Building With the Future in Mind Since 1955

Rick Dubrow’s “On The Level” Column in the Cascadia Weekly; Published 2-6-08

We’ve recently put another holiday season to rest, but achieving social equity means more than just gift giving to those close to home.  Instead, I’d like to discuss your community giving during 2008. What issues do you support and how do you support them? Does your job or other commitments prevent you from donating the kind of time you’d like to devote to this or that cause?  Without sufficient volunteer time available, how else can you promote the organizations whose missions resonate with your own?

On a daily basis you and I get hammered by appeals to support countless organizations and issues; free credit card offers and other free hooks targeted to attract us to our aggressive, material culture.   I’m numb to the appeals; there are so many and they’re so pervasive, they piss me off.  Almost like we’re fish swimming amidst a barrage of consumer bait. Bite me, please!

My shields are so strong that almost nothing gets through; even the good causes are invisible to me because I abhor all of the bait. So, with shields drawn and bait held at arms length, how do I decide what to do?  Have my shields become a barrier to my goals of social equity…. sharing my wealth? How do I make corporate and personal giving decisions?

How do you do this?

Simply put, I don’t have a logical plan, and this is the year I’m going to change that.  Until now my giving has been haphazard.  I don’t have an annual giving budget of what I’ll support next year.  I know the organizations I like and I tend to make decisions almost on a whim….’oh, that sound like a good cause, I’ll support that!’

What I don’t know is how much I give overall per year, nor if it’s very broad based.  Am I supporting the array of causes I adore or am I too strong in one arena.  I know my passion is the environment and sustainability, but what about peace and justice, political action, women’s rights…… what’s my plan, damn it?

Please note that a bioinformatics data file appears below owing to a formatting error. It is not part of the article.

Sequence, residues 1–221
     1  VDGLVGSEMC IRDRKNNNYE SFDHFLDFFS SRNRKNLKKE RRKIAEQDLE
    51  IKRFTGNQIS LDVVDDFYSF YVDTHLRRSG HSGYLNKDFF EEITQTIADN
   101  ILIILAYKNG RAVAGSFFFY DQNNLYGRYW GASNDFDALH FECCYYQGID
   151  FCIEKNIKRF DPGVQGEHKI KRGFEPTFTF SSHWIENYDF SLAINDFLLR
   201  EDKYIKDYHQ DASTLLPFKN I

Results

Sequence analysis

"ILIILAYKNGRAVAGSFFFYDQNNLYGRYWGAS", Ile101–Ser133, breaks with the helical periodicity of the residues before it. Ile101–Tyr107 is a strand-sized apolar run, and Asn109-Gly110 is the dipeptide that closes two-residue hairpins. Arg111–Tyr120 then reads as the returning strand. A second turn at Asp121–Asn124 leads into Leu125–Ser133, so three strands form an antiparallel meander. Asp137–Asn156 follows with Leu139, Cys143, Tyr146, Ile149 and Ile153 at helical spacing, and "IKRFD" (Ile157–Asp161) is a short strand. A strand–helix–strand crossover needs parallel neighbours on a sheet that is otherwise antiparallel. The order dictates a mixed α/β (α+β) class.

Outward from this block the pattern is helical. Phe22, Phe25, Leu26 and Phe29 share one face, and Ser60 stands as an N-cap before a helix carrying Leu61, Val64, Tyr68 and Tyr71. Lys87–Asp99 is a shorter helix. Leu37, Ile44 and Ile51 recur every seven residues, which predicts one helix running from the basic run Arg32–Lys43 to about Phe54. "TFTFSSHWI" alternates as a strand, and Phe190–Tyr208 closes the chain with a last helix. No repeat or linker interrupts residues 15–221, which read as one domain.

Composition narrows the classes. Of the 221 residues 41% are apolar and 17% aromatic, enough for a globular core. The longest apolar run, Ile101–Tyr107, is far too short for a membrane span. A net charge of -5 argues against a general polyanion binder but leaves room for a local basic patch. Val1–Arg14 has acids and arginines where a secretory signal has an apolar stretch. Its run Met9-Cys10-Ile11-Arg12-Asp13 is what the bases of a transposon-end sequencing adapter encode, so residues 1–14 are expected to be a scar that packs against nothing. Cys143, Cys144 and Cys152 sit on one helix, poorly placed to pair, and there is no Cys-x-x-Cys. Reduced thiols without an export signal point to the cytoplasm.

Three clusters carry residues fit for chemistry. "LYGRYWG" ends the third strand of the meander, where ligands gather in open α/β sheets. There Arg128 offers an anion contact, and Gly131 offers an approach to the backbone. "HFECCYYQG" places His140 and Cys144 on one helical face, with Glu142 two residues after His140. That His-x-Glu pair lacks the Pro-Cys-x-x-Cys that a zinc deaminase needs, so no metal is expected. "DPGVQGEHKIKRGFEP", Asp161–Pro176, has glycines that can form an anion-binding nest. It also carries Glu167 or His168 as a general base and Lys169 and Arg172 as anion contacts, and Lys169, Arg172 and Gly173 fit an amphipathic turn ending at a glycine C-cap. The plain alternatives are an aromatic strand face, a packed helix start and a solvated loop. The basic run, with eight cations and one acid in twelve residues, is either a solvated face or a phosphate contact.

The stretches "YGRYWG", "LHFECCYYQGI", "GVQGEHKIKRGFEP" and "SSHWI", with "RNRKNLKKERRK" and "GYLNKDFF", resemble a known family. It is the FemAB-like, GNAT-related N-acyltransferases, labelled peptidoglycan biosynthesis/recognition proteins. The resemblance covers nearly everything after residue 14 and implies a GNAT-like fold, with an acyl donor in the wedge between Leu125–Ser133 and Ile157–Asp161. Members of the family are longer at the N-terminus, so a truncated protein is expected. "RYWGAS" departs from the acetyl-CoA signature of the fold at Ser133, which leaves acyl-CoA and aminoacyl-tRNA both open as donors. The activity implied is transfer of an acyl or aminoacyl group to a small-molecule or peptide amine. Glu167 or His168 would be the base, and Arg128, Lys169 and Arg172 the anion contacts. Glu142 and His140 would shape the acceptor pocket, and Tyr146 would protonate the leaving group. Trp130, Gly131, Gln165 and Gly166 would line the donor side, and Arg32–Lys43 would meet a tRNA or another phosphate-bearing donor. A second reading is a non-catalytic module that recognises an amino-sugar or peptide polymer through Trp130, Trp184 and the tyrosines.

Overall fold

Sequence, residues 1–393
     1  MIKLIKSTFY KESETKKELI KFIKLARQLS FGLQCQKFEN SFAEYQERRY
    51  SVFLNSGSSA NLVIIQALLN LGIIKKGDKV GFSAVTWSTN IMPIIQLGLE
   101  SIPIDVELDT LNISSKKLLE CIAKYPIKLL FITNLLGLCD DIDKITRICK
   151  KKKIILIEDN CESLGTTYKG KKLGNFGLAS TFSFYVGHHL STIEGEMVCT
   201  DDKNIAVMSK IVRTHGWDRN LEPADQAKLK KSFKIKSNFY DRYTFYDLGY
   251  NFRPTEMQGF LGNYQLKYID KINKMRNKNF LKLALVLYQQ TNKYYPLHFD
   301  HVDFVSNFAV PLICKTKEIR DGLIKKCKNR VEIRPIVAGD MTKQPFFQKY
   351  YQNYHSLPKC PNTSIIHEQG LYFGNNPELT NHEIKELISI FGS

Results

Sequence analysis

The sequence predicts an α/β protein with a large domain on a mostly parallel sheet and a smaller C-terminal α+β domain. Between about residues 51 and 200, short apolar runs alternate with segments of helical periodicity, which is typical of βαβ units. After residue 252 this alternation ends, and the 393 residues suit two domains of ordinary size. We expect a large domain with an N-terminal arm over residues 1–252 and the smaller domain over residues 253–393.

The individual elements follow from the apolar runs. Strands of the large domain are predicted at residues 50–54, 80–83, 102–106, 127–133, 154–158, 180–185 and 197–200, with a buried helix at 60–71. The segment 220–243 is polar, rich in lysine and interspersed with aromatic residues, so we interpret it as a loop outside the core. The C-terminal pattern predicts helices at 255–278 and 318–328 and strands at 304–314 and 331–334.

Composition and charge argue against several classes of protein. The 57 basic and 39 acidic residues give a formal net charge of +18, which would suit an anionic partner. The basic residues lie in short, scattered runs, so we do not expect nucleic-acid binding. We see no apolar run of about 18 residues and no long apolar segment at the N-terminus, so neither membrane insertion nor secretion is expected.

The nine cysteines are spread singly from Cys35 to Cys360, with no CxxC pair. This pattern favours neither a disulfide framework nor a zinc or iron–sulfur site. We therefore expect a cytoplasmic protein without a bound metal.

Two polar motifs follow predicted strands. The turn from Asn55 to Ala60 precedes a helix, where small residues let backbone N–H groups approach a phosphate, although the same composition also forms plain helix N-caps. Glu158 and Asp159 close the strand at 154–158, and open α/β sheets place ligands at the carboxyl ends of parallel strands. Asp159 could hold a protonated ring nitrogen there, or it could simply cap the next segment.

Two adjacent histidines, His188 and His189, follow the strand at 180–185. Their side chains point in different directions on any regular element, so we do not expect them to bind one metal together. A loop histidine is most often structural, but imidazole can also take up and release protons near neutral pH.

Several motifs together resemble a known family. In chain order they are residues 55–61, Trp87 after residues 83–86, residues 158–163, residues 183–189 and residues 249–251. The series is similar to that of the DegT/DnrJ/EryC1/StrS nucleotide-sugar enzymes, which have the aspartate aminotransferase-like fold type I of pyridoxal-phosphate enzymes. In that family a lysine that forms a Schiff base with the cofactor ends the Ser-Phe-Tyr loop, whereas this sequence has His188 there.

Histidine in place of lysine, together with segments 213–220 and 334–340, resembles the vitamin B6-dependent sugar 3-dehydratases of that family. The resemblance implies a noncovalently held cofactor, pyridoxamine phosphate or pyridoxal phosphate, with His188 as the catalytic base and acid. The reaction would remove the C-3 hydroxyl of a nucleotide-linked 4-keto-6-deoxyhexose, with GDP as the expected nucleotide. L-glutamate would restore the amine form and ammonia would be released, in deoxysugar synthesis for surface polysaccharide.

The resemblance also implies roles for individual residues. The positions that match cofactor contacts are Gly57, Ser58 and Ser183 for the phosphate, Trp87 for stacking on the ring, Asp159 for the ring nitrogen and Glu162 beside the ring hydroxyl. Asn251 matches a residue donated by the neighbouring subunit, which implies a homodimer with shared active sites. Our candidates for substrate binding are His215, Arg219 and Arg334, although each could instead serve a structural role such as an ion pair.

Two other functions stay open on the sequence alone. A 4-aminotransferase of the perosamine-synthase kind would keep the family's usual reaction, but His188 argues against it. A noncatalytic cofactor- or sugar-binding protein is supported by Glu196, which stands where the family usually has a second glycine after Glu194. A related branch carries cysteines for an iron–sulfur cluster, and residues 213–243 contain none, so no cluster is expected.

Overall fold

I have none.

What appeals to me is the concept of tithing.  A tithe (from Old English teogoþa “tenth”) is a one-tenth part of something, paid as a (usually) voluntary contribution or as a tax or levy. Today, tithes are normally voluntary and paid in cash, checks, or stocks, whereas historically tithes could be paid in kind, such as agricultural products.

My wife Cindi and I hope to create a plan for ’08.  We’ll first select a percentage of our combined income; say, for arguments sake we arrive at this 10% figure – our one-tenth part of something.  What portion of this are we already giving in kind through our involvement with RE Sources, Futurewise Whatcom, Sustainable Connections, Sustainable Bellingham, and the Pachamama Alliance?  Should I consider the time I devote to my Weekly column as an in kind donation to my passionate cause of sustainability?  Clearly, we’ll have to make these judgment calls.

Once these in kind donations are subtracted from the 10% of our combined income, we’ll donate the balance to the mix of causes and organizations we agree to support.  We’ll create a list of these causes and organizations and then decide what proportion of our ‘cash’ donations will go to which ones.

Our local community is rich in organizations worthy of your support.  Find them.  Support them.  With time and/or money.  Yes, it takes a village to raise a child.  And it takes you and I to raise a village.

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